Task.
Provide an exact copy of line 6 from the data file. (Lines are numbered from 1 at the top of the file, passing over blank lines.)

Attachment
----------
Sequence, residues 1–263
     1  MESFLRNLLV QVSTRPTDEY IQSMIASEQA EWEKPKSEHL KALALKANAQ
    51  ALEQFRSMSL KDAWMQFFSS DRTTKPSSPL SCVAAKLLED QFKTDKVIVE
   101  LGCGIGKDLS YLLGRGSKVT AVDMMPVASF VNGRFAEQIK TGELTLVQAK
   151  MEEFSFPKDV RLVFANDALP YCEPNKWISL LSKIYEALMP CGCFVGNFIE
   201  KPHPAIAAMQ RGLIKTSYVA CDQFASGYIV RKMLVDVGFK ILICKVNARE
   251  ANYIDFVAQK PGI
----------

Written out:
   201  KPHPAIAAMQ RGLIKTSYVA CDQFASGYIV RKMLVDVGFK ILICKVNARE